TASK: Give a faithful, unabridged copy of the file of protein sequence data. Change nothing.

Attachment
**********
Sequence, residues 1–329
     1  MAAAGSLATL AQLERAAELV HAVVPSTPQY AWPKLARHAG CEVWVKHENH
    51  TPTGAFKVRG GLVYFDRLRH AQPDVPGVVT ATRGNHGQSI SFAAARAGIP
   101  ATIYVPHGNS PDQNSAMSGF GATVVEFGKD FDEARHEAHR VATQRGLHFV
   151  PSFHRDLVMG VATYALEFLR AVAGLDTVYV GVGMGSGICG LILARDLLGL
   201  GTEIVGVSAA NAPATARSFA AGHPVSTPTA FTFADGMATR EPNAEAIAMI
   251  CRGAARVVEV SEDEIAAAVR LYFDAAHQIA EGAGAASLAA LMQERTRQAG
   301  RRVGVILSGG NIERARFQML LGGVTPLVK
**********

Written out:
Sequence, residues 1–329
     1  MAAAGSLATL AQLERAAELV HAVVPSTPQY AWPKLARHAG CEVWVKHENH
    51  TPTGAFKVRG GLVYFDRLRH AQPDVPGVVT ATRGNHGQSI SFAAARAGIP
   101  ATIYVPHGNS PDQNSAMSGF GATVVEFGKD FDEARHEAHR VATQRGLHFV
   151  PSFHRDLVMG VATYALEFLR AVAGLDTVYV GVGMGSGICG LILARDLLGL
   201  GTEIVGVSAA NAPATARSFA AGHPVSTPTA FTFADGMATR EPNAEAIAMI
   251  CRGAARVVEV SEDEIAAAVR LYFDAAHQIA EGAGAASLAA LMQERTRQAG
   301  RRVGVILSGG NIERARFQML LGGVTPLVK